India's Geosynchronous Satellite Launch Vehicle (GSLV-F09) carrying GSAT-9 communications satellite blasts off from the Satish Dhawan Space Centre in May, 2017

India may not like to rule out the proposal completely, as it is wary of China offering a similar know-how to Mauritius

New Delhi: Mauritius has sought India’s help on satellite technology in a bid to emerge as a civilian satellite launch centre, it is learnt. The island nation’s proposal has caught New Delhi by surprise.

Countries hardly ever share proprietary technologies like space and India is no exception.

The proposal is unusual for India, which is negotiating two unconnected but high stake cooperation agreements with Port Louis. One is a plan to set up an offshore oil reserve for India in Mauritius. The other is a free-trade agreement. In that backdrop, India may not like to rule out the satellite technology sharing proposal completely, as it is wary of China offering a similar know-how to Mauritius.

E-mails sent to the Mauritius High Commission in connection with the development remained unanswered. There was no response to phone calls either.

The Indian Space Research Organisation (ISRO) currently has a framework agreement with Mauritius, as it has with almost 40 other countries and space agencies. But those are meant to only share the knowledge from space research.

“Specifically, developing countries look to India for assistance in building up their capabilities to derive benefits of space technology. The scope of international cooperation has become wider and diverse, as ISRO has made tremendous progress in recent times,” ISRO notes as part of its international cooperation mandate.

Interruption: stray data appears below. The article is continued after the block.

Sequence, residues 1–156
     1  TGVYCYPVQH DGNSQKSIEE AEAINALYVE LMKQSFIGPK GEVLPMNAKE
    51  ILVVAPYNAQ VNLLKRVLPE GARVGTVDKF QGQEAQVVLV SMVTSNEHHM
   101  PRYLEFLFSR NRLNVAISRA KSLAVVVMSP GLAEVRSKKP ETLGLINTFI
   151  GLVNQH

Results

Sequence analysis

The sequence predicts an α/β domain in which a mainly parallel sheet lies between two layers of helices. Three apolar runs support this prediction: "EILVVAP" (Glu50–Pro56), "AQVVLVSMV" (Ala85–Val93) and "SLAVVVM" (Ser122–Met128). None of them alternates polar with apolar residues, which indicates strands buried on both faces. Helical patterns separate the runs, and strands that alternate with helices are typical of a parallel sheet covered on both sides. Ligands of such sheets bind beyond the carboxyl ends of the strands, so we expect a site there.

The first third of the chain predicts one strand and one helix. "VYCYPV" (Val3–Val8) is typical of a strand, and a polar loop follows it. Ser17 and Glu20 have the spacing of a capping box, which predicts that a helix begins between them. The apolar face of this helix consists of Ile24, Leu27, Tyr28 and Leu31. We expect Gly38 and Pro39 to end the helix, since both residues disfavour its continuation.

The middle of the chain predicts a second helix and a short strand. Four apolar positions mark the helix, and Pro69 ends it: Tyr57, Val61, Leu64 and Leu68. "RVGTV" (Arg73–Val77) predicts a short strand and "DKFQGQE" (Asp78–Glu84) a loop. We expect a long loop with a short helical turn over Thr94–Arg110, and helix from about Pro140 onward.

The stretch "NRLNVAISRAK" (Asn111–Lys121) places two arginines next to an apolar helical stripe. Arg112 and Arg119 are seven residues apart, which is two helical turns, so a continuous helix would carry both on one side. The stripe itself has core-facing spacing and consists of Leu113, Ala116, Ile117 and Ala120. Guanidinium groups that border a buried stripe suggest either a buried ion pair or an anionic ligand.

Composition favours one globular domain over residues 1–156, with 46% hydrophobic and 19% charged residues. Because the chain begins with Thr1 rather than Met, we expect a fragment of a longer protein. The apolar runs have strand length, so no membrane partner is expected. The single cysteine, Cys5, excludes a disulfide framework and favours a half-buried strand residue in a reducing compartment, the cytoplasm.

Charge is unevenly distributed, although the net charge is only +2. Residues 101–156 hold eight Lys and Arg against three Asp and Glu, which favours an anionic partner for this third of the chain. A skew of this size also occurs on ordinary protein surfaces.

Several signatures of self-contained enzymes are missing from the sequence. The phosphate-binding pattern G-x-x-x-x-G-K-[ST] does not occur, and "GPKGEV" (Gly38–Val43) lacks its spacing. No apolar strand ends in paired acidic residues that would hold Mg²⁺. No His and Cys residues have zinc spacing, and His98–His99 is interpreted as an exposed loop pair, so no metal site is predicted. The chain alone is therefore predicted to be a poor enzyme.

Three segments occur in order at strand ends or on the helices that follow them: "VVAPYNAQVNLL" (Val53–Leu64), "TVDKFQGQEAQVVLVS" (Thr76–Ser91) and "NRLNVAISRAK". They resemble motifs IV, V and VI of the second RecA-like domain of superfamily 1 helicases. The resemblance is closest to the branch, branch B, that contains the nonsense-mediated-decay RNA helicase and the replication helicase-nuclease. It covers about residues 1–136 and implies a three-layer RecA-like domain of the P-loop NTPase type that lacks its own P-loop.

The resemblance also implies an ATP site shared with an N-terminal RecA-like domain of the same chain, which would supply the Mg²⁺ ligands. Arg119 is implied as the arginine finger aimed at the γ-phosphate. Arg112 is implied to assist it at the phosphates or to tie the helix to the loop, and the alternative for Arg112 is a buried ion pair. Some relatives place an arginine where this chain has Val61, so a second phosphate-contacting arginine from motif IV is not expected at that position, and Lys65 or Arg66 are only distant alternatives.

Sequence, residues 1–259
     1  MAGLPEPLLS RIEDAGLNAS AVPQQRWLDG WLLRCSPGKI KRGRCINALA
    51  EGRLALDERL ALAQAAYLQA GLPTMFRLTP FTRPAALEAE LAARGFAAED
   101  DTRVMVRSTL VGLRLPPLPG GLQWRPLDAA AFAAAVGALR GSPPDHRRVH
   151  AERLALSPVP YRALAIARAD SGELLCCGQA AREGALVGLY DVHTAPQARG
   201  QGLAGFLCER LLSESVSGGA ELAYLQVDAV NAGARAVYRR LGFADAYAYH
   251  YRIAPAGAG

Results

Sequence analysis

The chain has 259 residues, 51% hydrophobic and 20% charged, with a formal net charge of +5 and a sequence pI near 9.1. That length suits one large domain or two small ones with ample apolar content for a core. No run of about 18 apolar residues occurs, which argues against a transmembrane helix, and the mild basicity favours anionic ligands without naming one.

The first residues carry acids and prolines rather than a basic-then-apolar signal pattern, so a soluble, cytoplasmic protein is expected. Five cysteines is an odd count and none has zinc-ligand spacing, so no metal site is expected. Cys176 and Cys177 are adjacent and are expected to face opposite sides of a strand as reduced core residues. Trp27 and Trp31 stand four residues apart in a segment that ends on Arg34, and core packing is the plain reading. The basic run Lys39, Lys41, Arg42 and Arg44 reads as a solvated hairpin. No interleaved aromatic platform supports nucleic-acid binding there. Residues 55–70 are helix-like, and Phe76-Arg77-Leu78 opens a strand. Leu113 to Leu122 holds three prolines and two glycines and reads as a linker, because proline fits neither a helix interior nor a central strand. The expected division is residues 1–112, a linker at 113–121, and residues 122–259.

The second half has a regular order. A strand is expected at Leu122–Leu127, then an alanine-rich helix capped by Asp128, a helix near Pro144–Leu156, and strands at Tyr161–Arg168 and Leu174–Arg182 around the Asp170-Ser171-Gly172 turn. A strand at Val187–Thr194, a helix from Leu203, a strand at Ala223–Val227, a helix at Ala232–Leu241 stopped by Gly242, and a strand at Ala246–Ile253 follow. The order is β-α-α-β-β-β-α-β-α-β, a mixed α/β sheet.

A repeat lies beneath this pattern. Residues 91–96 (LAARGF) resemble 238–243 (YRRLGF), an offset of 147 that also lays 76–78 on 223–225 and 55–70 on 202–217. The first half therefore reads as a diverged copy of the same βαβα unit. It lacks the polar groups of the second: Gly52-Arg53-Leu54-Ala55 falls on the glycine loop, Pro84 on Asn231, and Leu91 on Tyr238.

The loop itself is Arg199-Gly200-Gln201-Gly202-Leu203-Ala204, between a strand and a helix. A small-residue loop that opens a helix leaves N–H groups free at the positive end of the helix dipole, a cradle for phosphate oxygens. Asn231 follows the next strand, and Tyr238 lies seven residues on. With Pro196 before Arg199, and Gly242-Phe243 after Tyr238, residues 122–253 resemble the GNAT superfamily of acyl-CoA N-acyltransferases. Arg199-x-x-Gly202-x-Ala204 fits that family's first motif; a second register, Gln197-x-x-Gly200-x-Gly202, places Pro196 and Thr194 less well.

But sharing technology for space launch vehicles is quite different, sources said. Mauritius has long seen itself as a force multiplier for the African continent, lying about 2,000 km from the nearest beachhead. A space launch capability can signal a renewed interest among the African countries to do business with the nation that had long established itself as a tax haven.

That position that has now come under pressure.

The IMF’s latest Article IV consultation with Mauritius has concluded the country is going to face increasing fiscal pressure.

“The vibrant Global Business Sector faces pressure from international anti-tax avoidance initiatives. Fiscal space is limited, fiscal risks are increasing, and there are signs of building inflationary pressures,” the report concludes.

The last of these tax treaties Mauritius had was with India since 1982. Under it, a Mauritius resident got a capital gains tax exemption on transfer of Indian securities. At one stage, almost 40% of the foreign investment into the Indian stock market was through investment vehicles with a Mauritius address. However, both New Delhi and Port Louis have decided to end the tax arbitrage at the end of this financial year. From April 1, 2019, India would charge capital gains tax on full domestic rates.

“To achieve advanced economy status, the government intends to pursue an ambitious growth strategy anchored on significant public investments in infrastructure”, the same IMF report said. Investment in space technology is part of the strategy as it is meant to provide an overwhelming infrastructure support, sources pointed out.

The facilities developed by ISRO, which recently sent up 104 satellites in one launch, could be shared with other countries, but not for building a rival launching pad, the sources pointed out.

The struggle for bases in the region has intensified. Earlier this year, India signed up with Oman for access to its port of Duqm. This port, strategically close to Gwadar and Chabahar along with the Assumption Island being developed in Seychelles and Agalega in Mauritius, provide India a ring of bases to maintain a strong presence in the Indian Ocean. Not accepting Mauritius’ proposal on space technology could put some of these gains under cloud.